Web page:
Ten years have passed — well, plus a day or two to avoid undue coincidence — since the great avenger, Agamemnon, lord of Argos went forth to do battle, and to do Priam, the King of Troy and father of Paris — nah, not Paris, France: the other one! — including several other key characters. Hector, who Achilles slew before he got it in the heel himself as destiny decreed.
He is cut off by the sound of trumpets coming from the radio. A very BBC voice — played by Corbet Woodall (1929-1982) who was a genuine newsreader as well as an actor who took newsreader or announcer roles — declares, ‘And now for the very late, indeed ancient, news. In Argos, preparations are complete for the return today of lord Agamemnon, Grand Admiral of Greece. The mysterious outbreak of a chain of fires last night from Troy all the way down to the Saronic Gulf is still being investigated. Suggestions that vandals were responsible are being discounted, since Vandals haven’t been invented yet.’ The presence of electronic devices such as a radio set and, as we shall see, a telephone (dashes of the burlesque clash between ancient setting and modern contrivance) render the Agamemnon’s series of beacons between Troy and Argos relaying news of the fall of Troy unnecessary, and so it is parodied with the help of an amusing aside about the East Germanic tribe of around the 5th century AD not having ‘been invented yet’.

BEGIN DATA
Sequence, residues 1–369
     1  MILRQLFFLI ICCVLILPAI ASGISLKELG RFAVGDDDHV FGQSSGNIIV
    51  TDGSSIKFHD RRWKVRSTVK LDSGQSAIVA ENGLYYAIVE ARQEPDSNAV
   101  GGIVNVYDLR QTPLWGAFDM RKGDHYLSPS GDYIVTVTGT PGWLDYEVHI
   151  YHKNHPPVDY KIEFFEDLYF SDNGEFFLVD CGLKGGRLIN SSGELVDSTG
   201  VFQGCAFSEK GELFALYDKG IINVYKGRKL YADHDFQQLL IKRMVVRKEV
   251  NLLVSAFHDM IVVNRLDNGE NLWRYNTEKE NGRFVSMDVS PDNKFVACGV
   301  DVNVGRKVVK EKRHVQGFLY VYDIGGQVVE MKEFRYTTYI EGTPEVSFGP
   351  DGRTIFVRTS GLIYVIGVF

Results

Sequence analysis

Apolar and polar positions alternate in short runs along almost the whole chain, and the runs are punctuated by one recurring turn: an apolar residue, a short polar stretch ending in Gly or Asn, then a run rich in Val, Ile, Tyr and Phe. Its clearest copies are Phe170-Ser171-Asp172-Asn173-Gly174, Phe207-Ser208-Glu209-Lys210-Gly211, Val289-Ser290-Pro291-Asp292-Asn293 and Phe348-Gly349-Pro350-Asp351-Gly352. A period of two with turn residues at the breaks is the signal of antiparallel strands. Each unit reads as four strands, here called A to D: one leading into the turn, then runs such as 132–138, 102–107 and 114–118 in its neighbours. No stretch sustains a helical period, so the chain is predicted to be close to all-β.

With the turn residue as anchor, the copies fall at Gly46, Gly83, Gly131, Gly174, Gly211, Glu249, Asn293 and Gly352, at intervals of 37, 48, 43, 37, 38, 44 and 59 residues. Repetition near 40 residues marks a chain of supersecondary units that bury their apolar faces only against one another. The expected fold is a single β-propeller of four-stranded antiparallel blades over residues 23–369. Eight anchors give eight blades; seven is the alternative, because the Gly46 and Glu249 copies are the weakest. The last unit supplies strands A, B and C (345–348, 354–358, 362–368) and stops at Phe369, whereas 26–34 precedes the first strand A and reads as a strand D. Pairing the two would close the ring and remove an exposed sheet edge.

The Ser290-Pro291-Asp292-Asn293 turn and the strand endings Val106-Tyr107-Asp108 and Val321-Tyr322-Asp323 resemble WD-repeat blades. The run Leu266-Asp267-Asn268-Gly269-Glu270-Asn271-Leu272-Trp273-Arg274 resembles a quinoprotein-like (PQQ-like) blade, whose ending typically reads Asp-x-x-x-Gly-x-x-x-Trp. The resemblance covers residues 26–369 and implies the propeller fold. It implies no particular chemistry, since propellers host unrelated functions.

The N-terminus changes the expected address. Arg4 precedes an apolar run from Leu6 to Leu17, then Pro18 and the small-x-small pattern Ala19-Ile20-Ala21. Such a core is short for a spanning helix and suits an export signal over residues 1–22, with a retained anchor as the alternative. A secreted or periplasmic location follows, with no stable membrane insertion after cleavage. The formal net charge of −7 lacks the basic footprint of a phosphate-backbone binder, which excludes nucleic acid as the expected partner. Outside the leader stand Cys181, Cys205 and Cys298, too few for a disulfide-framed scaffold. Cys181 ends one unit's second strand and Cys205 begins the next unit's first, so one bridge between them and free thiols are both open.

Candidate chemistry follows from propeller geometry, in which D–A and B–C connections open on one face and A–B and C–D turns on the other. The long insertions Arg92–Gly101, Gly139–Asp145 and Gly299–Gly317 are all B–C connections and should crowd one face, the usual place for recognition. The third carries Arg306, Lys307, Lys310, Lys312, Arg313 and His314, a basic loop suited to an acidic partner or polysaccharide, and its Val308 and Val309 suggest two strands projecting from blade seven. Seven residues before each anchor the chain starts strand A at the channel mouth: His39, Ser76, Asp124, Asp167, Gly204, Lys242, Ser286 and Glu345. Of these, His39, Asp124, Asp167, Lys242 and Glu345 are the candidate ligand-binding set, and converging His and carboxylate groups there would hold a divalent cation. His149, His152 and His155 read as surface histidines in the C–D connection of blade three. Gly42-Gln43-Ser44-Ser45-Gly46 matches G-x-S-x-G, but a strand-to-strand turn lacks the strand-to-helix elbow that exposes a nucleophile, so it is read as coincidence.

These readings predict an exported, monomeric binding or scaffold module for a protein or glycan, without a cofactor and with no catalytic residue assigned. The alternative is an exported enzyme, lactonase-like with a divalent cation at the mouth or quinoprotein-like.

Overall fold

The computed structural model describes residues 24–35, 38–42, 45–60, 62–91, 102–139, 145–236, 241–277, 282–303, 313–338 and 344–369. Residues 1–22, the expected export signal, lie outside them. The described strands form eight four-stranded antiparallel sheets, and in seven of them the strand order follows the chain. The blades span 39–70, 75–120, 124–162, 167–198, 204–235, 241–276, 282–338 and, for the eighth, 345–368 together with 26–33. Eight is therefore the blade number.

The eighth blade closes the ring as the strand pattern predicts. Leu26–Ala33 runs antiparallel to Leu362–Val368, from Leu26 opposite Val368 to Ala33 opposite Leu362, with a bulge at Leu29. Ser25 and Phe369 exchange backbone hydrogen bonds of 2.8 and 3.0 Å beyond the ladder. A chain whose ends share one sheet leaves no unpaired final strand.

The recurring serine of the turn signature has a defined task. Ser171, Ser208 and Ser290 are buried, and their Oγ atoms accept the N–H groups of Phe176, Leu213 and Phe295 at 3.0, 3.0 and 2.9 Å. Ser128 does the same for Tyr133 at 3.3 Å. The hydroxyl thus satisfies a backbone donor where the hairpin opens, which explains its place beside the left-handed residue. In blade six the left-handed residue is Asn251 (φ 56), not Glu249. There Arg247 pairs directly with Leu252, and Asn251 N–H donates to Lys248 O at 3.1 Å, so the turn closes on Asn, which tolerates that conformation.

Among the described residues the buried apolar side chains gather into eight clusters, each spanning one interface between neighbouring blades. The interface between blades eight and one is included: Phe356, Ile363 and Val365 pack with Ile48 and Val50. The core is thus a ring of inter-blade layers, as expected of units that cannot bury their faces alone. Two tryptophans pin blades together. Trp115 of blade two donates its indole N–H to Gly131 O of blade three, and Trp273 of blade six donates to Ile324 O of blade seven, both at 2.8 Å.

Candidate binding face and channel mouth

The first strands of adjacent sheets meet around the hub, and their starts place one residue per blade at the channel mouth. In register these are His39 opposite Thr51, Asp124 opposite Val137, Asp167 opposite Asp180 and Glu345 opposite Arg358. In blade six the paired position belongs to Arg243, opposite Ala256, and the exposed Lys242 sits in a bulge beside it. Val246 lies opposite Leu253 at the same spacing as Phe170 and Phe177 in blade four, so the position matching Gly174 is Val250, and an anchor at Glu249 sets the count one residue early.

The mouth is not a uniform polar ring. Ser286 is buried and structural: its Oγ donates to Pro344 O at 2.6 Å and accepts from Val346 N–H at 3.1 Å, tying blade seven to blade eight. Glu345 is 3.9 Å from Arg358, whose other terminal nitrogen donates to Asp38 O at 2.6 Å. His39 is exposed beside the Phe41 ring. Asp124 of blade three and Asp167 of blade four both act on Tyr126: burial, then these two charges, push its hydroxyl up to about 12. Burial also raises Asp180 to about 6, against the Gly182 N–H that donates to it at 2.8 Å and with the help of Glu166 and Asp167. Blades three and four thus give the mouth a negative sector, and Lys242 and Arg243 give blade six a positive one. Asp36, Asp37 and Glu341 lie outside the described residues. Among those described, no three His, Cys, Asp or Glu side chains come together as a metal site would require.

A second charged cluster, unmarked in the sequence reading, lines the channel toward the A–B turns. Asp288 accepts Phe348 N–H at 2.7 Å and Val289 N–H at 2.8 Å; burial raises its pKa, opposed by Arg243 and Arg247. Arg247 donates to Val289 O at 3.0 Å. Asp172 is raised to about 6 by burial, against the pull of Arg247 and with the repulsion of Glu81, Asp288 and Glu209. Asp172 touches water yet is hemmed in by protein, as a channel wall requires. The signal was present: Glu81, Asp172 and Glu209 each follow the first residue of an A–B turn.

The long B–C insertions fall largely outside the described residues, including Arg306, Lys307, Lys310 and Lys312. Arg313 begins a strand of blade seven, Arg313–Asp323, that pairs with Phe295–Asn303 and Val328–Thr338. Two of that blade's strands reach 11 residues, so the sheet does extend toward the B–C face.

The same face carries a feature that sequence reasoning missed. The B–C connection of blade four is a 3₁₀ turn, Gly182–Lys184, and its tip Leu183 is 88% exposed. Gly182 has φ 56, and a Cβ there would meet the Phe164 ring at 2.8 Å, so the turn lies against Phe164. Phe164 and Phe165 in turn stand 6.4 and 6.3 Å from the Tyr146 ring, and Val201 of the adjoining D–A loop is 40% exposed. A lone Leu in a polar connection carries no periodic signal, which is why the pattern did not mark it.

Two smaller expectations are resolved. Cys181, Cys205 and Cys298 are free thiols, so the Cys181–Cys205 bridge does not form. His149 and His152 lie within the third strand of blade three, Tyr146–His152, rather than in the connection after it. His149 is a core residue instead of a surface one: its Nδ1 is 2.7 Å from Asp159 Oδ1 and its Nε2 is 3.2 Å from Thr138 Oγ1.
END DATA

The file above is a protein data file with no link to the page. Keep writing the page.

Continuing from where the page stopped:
Hoskins then continues to address the camera with words which are evocative of the first chorus of Agamemnon: